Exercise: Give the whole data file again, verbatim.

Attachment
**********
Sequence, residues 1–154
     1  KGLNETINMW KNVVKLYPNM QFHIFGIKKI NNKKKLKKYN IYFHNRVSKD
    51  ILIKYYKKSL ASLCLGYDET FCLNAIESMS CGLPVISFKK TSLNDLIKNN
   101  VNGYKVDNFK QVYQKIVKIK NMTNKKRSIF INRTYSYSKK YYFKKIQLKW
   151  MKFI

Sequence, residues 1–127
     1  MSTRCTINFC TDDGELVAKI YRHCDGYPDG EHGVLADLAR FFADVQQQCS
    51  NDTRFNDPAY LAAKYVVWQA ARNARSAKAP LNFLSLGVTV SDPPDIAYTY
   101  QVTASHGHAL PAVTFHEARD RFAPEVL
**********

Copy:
Sequence, residues 1–154
     1  KGLNETINMW KNVVKLYPNM QFHIFGIKKI NNKKKLKKYN IYFHNRVSKD
    51  ILIKYYKKSL ASLCLGYDET FCLNAIESMS CGLPVISFKK TSLNDLIKNN
   101  VNGYKVDNFK QVYQKIVKIK NMTNKKRSIF INRTYSYSKK YYFKKIQLKW
   151  MKFI

Sequence, residues 1–127
     1  MSTRCTINFC TDDGELVAKI YRHCDGYPDG EHGVLADLAR FFADVQQQCS
    51  NDTRFNDPAY LAAKYVVWQA ARNARSAKAP LNFLSLGVTV SDPPDIAYTY
   101  QVTASHGHAL PAVTFHEARD RFAPEVL